CREED was released Thanksgiving 2015 and it lived up to all of the hype that preceded it. This was no doubt my favorite film of the year. It is a continuation of the Rocky (1976) franchise, which follows an underdog boxer named Rocky Balboa (played by Sylvester Stallone). Here Stallone reprises his role as the “Italian Stallion”, but this time around he’s in for a different fight. Too old to get into the ring and completely devoid of any desire to do so, Rocky winds up becoming a mentor and trainer to the son of his former opponent turned friend Apollo Creed. Together, Rocky and Adonis (played by Michael B. Jordan) help one another in ways they never imagined.
Adonis has had an extremely rough life and at the beginning of the movie it is apparent that he has a chip on his shoulder. He is Apollo’s illegitimate son and the two never met (Apollo died in the ring in Rocky IV; do the math and Adonis was most likely still in the womb). Never knowing his father is problem enough, but add to that the fact that his father was a larger than life champion boxer. It is not hard to understand why Adonis has such a complex. He is trying to find who he is as a young man and assert himself as a boxer in his own right, but he has to do it in the shadows of a man that he will never know.
The movie follows Adonis as he connects with Rocky, falls in love, and trains to become a boxer worthy of respect.
Though Rocky is the vehicle that makes this film possible, it is obvious that CREED is for the next generation. Jordan (Fruitvale Station, Chronicle) does a wonderful job in this role and further cements the fact that he is a talented actor with a long career ahead of him. I was incredibly impressed with how he transformed his body and got into the shape of a real-life boxer. The physicality and athleticism he was able to bring to the role really helped sell the film.
CREED was directed and co-written by the amazing Ryan Coogler. If you haven’t already heard of him you will very soon (he’s set to direct the highly anticipated film Black Panther, which will follow the story of Marvel’s first black superhero!!!!!). Coogler’s first film Fruitvale Station (also starring Jordan in the lead role) debuted in 2013 and was praised by critics and movie-goers alike. In Fruitvale and in CREED, Coogler gives a sense of humanity to an otherwise rough urban environment. The film is set in Philly and I feel that great care was taken to show the city in a special way that many don’t have the opportunity to see. Coogler makes a point to showcase the bike culture that is prevalent in Philly and he also shines a light on a few “hole-in-the-wall” places in the city. From the club that Adonis’ love interest Bianca (played by Queen Tessa Thompson) performs in, to the spot that Bianca and Adonis go to on their first date, the city is shown in a realistic, but positive light.
Let me take the opportunity to say that Thompson (Selma, Dear White People) did a fabulous job. Her character was pragmatic and likable. When delivering her lines she actually sounded like she was from Philly, using slang and vocabulary familiar to the culture. It was refreshing to see a young woman of color presented in such a positive way. I feel like we all have a home girl just like her. I won’t give too much away, but Bianca and Adonis connect mainly because she knows what it feels like to be fighting for something too.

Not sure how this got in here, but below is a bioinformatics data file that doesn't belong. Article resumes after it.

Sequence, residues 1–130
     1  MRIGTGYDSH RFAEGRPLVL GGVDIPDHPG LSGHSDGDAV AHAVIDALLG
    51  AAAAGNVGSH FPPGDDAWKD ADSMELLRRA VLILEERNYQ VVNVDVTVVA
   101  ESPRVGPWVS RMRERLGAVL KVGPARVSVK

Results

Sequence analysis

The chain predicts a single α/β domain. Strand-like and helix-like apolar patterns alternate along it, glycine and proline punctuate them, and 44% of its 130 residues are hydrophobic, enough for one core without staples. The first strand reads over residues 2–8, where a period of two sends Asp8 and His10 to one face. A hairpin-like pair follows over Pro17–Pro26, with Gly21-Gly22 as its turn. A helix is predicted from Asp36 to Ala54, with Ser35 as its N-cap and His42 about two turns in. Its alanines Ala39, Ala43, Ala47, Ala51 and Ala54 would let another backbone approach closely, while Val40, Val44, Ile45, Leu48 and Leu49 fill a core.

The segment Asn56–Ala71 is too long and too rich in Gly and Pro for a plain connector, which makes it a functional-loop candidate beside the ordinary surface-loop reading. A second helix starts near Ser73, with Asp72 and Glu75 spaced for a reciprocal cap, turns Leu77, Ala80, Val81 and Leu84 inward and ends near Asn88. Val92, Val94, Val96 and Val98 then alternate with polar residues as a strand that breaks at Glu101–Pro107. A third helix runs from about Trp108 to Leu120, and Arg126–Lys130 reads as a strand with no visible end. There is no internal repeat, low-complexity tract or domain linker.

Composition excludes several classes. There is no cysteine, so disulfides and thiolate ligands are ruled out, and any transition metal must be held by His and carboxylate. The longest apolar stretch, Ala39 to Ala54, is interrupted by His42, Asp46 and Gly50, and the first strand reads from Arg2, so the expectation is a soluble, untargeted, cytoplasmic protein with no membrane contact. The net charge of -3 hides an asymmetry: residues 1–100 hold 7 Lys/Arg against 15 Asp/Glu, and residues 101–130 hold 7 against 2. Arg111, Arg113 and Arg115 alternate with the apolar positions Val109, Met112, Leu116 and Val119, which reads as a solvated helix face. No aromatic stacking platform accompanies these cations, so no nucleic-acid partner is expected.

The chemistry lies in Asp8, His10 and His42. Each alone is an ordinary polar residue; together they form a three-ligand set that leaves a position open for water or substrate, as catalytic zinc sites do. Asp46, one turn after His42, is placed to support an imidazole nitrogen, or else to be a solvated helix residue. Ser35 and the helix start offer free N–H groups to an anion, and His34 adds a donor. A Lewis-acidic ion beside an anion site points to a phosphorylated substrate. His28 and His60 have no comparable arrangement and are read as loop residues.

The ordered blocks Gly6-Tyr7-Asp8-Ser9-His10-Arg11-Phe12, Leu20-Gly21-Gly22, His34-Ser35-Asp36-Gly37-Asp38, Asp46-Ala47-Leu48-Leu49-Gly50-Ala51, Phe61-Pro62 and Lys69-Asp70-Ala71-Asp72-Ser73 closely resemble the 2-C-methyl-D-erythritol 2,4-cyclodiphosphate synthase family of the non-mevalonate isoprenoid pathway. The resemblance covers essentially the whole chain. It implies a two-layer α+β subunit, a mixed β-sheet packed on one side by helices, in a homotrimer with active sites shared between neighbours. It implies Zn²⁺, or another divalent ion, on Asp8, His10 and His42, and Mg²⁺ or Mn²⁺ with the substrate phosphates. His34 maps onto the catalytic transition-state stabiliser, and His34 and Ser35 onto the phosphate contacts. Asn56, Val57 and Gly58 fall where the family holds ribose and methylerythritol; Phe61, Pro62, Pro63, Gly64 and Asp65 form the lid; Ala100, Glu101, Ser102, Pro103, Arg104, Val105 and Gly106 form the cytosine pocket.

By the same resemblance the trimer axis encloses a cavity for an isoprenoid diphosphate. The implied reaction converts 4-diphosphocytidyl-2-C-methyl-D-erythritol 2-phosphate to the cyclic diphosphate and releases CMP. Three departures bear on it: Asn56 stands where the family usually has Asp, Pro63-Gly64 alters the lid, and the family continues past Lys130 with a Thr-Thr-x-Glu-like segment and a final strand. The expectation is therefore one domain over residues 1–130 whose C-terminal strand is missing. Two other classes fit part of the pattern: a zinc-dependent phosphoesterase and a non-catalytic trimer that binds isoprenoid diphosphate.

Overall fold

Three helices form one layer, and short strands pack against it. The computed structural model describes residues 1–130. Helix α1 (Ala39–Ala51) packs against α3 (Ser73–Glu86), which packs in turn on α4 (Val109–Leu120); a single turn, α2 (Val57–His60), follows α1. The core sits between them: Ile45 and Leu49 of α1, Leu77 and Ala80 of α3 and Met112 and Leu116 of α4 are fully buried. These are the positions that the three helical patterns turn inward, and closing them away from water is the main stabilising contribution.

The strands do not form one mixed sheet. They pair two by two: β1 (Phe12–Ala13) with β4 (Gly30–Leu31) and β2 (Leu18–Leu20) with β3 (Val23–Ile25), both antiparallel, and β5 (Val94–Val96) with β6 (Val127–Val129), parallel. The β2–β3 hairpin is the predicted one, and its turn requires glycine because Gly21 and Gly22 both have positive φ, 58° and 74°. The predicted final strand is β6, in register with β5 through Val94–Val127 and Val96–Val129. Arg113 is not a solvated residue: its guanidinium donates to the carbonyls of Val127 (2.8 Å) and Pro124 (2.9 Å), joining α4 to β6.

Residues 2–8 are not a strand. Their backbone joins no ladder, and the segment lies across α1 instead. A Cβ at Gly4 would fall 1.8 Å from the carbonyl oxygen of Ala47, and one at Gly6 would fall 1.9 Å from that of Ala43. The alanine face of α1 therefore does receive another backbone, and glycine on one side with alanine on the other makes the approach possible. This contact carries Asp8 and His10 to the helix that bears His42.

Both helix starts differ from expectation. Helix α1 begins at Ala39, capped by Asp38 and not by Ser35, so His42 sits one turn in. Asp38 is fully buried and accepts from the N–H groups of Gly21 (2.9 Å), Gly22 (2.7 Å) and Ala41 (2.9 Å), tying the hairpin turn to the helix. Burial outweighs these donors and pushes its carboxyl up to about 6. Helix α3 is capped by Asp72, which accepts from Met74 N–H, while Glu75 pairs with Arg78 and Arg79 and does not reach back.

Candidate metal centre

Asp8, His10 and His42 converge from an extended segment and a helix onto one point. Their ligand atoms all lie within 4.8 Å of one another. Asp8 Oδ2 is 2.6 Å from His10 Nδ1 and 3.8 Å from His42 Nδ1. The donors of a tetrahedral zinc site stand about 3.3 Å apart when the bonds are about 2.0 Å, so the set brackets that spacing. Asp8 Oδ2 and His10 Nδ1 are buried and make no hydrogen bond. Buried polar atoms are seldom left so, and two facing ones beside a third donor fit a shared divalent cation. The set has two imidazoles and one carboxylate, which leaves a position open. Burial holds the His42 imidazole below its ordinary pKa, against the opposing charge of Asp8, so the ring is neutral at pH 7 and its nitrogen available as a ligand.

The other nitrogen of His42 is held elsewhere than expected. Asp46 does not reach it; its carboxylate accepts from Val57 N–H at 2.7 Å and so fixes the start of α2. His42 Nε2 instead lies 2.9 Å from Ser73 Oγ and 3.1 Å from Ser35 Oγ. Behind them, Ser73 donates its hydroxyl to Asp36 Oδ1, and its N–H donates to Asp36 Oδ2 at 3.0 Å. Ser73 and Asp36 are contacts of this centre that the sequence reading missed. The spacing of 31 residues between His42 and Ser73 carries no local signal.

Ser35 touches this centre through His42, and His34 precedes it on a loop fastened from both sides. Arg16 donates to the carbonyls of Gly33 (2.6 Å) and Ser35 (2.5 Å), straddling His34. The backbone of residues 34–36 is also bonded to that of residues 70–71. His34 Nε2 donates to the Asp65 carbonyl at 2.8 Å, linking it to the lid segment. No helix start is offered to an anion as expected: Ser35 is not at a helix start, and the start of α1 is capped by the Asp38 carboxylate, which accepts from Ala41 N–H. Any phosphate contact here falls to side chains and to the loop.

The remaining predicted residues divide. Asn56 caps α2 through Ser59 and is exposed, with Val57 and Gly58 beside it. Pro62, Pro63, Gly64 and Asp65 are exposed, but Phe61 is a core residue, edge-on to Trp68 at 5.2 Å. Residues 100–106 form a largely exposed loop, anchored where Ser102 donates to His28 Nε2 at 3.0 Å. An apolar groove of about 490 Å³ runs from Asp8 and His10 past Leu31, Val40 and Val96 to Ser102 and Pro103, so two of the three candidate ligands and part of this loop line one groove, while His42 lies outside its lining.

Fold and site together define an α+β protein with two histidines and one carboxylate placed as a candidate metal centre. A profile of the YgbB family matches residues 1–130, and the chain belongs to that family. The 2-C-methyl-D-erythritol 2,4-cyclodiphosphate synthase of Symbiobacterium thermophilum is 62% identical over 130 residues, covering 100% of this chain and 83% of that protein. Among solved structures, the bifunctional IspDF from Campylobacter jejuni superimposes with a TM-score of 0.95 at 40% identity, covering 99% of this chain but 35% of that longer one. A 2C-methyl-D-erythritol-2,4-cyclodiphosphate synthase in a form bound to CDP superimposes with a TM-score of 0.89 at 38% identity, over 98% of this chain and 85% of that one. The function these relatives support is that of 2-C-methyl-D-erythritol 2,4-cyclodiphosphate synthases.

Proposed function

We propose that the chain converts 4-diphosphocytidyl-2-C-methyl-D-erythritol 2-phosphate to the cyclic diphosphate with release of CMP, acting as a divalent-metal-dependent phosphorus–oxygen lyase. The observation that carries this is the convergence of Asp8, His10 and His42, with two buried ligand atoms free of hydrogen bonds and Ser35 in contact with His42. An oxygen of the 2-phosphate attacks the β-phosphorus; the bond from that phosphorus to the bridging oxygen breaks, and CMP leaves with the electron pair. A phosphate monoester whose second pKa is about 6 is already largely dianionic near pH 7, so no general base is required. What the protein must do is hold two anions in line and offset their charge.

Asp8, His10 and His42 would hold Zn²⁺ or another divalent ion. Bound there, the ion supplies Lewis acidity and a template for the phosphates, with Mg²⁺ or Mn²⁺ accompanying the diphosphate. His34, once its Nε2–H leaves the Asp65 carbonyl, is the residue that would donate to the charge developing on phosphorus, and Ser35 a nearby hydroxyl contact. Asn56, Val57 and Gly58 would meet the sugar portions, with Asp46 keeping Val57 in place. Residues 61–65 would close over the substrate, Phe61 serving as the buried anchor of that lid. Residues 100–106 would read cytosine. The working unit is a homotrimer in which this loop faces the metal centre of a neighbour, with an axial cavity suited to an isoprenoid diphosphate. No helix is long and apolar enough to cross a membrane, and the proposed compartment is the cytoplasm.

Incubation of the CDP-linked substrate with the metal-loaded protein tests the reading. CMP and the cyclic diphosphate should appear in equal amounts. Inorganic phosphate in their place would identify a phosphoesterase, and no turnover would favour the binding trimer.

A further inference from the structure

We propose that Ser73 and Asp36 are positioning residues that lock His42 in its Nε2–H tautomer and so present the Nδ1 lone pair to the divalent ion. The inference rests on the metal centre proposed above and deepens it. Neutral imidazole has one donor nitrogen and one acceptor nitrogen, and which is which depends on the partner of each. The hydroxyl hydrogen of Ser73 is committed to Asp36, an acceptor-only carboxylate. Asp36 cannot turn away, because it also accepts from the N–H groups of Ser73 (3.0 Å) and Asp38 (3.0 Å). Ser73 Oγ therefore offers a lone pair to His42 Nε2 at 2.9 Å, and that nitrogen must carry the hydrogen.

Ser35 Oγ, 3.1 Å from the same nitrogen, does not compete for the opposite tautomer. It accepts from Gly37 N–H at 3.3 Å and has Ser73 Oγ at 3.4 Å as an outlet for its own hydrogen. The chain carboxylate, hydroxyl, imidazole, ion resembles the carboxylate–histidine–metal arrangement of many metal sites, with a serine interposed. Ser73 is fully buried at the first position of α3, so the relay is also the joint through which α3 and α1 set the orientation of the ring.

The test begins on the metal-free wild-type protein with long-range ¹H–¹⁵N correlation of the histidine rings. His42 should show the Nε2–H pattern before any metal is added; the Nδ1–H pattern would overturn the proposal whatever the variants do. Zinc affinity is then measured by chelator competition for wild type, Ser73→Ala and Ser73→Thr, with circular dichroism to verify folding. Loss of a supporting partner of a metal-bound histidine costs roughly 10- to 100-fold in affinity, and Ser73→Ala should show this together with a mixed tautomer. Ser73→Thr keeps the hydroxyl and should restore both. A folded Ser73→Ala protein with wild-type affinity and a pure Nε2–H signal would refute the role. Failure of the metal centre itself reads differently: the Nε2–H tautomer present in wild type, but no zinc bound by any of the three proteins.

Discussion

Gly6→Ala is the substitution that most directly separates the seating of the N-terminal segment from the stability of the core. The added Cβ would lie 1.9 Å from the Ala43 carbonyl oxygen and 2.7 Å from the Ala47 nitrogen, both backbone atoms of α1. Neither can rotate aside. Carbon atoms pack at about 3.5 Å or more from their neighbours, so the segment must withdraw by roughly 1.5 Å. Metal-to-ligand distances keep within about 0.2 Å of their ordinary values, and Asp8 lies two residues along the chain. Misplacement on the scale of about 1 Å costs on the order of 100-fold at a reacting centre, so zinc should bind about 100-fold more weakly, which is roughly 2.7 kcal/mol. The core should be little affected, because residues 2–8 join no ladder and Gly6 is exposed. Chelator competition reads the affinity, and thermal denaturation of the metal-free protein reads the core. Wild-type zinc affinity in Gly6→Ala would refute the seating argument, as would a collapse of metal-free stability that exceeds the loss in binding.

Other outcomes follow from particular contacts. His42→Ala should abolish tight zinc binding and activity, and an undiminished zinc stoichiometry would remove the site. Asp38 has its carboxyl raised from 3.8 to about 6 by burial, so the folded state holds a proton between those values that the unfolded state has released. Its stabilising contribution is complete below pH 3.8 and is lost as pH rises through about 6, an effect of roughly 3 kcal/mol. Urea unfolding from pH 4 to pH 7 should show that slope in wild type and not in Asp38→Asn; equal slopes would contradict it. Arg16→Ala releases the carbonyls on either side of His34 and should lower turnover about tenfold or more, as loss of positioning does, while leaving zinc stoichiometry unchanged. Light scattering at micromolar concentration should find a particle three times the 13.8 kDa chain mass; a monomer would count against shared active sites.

The relationship between Adonis and Rocky is unexpected, but special nonetheless. It is obvious that the two need one another and this is bolstered by the great chemistry that Stallone and Jordan share onscreen. There was something so satisfying to me about seeing Stallone play Rocky as an aging man after his career has ended and the phone has stopped ringing. He gives an honest performance and it really feels as if we are witnessing a natural progression of one of cinema’s legendary characters. Nothing felt forced or contrived with the script, it all flowed in a way that felt right. It’s no wonder that Stallone took home the Golden Globe for his performance.
This film would be nothing without the scenes in the ring and in the gym. I love the moment when Adonis prepares to go up against his opponent in the film’s biggest moment. I get giddy recalling it actually. Tupac’s Hail Mary blares in the background and there is such a feeling of anticipation. If only every movie of its kind could embody that sense of expectation! Not to mention the incredible shots and the effortless way that the camera follows MBJ and his opponent’s every jab and punch, seemingly getting all of the action in ONE take. I won’t even tell you who wins the fight….you’ll have to see it for yourself 🙂
One last thing that I absolutely loved about CREED is the fact that I never once heard anyone refer to it as a “black film”. Sure it’s directed by a black man and stars a black man as the lead with a black love interest, but the truth of the matter is that this film transcends race. Adonis’ struggles are not a result of him being black. They are a result of him being human. In a time when Hollywood is desperately lacking diversity and racial equality during awards season, this film is a bright spot and in my humble opinion deserves all of the acclaim that it has received. I wouldn’t be surprised if we saw a sequel in the future.
CREED does what many seasoned franchises fail to do successfully, and that is seamlessly bridge the generational gap that exists among movie goers. What I mean by that is your dad will love CREED (mine did) and you will too. This movie will make you laugh and maybe even make you cry.
CREED also stars Queen Phylicia Rashad, Tony Bellew, and Graham McTavish